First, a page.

Overstock.com announced today it has launched an updated international checkout system that now provides customers all over the world with the option to pay in Bitcoin, making it the first major online retailer to accommodate Bitcoin worldwide. This is another first for the company, following its announcement back in January that it became the first major online shopping site to accept Bitcoin in the US.
Overstock.com CEO Patrick Byrne said in a news release:
“Bitcoin has been readily adopted in countries outside the United States, yet the opportunities to spend Bitcoin internationally are extremely limited. We’re pleased to offer this service to the millions of Bitcoin users in other countries and believe they will respond enthusiastically. With this move, Bitcoin has indeed become a borderless currency that permits its holders to buy and take delivery of millions of products.”
Anyone in the world can now use Bitcoin to purchase goods from among Overstock’s nearly 2 million available products. However, there are certain countries where Overstock does not ship purchases.
Byrne said in an interview with Wired magazine:
“As long as you can get on the internet, you can order and pay in bitcoin. You can order in North Korea if you want – as long as you’re having things delivered to, say, Singapore.”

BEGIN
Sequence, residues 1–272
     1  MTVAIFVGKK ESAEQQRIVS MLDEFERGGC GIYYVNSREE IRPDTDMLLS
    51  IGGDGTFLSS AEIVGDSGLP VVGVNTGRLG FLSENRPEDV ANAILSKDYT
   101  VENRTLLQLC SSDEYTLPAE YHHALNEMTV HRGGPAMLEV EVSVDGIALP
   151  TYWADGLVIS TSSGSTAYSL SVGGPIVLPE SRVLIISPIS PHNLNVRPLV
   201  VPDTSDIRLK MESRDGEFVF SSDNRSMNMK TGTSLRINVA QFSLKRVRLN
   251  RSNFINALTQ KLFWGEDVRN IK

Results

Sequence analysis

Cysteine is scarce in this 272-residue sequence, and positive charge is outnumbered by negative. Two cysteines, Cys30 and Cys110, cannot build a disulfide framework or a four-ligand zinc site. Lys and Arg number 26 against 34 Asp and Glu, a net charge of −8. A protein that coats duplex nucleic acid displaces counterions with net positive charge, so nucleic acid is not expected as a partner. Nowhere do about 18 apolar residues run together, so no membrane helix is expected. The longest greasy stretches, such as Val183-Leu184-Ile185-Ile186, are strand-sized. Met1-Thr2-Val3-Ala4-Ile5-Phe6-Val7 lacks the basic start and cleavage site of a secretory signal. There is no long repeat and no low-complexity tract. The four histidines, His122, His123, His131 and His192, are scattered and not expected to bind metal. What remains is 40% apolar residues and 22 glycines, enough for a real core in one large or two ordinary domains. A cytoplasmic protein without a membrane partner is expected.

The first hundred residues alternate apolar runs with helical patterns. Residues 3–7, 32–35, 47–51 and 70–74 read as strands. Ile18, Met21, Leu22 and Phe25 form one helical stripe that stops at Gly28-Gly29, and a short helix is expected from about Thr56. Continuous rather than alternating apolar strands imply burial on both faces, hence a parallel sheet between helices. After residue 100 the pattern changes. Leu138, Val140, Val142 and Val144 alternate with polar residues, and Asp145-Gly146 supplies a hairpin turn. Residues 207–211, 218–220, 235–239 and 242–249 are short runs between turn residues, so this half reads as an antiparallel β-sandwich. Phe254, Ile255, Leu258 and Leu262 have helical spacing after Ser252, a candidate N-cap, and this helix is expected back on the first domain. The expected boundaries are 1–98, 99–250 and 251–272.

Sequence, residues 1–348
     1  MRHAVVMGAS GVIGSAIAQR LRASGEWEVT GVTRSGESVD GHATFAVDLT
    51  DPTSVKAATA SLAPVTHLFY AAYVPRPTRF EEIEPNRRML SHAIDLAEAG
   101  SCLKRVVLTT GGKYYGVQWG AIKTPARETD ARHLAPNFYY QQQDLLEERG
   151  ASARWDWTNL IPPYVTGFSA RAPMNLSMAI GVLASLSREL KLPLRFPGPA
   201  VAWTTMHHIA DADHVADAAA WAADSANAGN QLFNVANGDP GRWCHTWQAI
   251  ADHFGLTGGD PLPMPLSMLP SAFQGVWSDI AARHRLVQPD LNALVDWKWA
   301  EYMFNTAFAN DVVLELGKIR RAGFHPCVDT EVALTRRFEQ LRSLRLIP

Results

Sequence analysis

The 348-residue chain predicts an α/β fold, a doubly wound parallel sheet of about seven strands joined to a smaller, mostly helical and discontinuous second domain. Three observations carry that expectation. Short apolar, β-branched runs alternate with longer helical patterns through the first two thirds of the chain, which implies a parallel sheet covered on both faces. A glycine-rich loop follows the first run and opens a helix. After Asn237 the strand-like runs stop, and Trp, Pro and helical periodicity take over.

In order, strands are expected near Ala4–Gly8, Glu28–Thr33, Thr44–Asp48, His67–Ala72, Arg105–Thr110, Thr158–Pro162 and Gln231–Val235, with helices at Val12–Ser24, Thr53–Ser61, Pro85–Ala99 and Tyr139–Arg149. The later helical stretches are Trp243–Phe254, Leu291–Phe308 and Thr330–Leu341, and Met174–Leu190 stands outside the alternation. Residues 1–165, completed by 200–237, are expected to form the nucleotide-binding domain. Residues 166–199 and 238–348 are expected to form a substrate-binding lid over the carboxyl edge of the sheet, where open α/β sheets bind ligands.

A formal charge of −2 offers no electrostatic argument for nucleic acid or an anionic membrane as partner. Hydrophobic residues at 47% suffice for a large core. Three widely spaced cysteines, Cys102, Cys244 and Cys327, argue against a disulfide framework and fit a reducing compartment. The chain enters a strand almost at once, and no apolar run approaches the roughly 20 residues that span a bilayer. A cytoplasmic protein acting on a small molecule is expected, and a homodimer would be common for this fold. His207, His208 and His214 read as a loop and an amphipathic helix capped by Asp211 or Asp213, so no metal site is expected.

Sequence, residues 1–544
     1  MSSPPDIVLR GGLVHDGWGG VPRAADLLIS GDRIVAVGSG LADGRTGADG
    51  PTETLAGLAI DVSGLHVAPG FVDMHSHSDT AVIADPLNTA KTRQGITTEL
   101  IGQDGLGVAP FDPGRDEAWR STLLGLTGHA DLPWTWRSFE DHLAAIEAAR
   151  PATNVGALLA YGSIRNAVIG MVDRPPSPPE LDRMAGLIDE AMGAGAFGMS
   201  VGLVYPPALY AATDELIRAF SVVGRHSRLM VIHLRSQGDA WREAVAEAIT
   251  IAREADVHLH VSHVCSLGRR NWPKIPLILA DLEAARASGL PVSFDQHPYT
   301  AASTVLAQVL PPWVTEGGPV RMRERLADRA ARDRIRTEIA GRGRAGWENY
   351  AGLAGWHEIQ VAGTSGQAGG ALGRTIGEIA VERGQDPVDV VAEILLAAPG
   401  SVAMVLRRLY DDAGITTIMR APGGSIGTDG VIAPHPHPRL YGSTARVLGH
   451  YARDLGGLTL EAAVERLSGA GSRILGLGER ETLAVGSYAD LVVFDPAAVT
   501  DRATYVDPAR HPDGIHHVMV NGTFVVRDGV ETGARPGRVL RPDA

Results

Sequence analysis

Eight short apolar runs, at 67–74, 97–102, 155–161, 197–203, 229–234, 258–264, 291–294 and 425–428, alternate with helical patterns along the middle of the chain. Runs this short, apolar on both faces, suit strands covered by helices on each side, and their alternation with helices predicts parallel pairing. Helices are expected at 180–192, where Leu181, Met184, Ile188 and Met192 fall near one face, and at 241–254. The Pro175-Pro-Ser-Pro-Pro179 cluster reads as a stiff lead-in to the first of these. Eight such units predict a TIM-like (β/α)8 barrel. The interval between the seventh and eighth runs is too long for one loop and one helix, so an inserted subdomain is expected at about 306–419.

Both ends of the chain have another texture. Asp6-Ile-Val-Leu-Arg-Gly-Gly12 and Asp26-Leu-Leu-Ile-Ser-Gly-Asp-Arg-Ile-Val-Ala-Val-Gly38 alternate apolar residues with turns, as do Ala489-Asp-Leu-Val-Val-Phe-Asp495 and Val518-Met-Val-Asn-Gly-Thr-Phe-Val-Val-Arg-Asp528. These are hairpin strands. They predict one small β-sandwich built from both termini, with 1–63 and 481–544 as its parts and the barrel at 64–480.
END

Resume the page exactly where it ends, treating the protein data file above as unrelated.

Wired reports that Byrne is driving Overstock’s move into the Bitcoin realm. He considers the digital currency to be a means “to free our money system from the sometimes onerous and expensive control of big banks and big government,” says the magazine. Byrne recently declared to take 4 percent of his company’s Bitcoin sales and donate it to not-for-profit organizations that are working to further Bitcoin’s cause, and he is examining ways the technology behind the cryptocurrency could be used to issue stock in Overstock, without the help of traditional stock exchanges.
Wired suggests Bitcoin can likely help customers more easily and more cheaply store and spend money, but it can also provide a boost to retailers such as Overstock. Byrne points out that accepting credit card payments, particularly from foreign nations, is rather expensive because of steep fees from third-party processors.
“International credit cards are a real mess,” said Byrne to Wired. “If you’re taking cards from a place like Russia, there is a monster surcharge tacked on because so much credit card fraud comes from there.”
Overstock still pays Coinbase to administer these transactions, but Byrne said these fees are significantly lower.
Since January, Bitcoin payments have represented approximately one quarter of one percent of Overstock sales, or between $12,000 and $15,000 daily. It’s “a little bit more than I expected,” said Byrne, who believes that with Overstock opening up Bitcoin payments internationally, Bitcoin could drive a total of $8 million in sales by the end of 2014. Although that does not represent a strong portion of Overstock’s revenues, reports Wired, Byrne believes Bitcoin can become a way to expand the reach of his company.
“We’ve never had a strong international business,” said Byrne. “And this is a good first step towards building one.”
While government regulations – or just the threat of them – could hinder Bitcoin’s growth, reports Wired, Byrne is among those who feel regulators will find a way to accommodate the greater Bitcoin movement. The digital currency “has already become too big to fall,” Byrne said. “This is not a genie they can put back into the bottle.”
Image courtesy of Overstock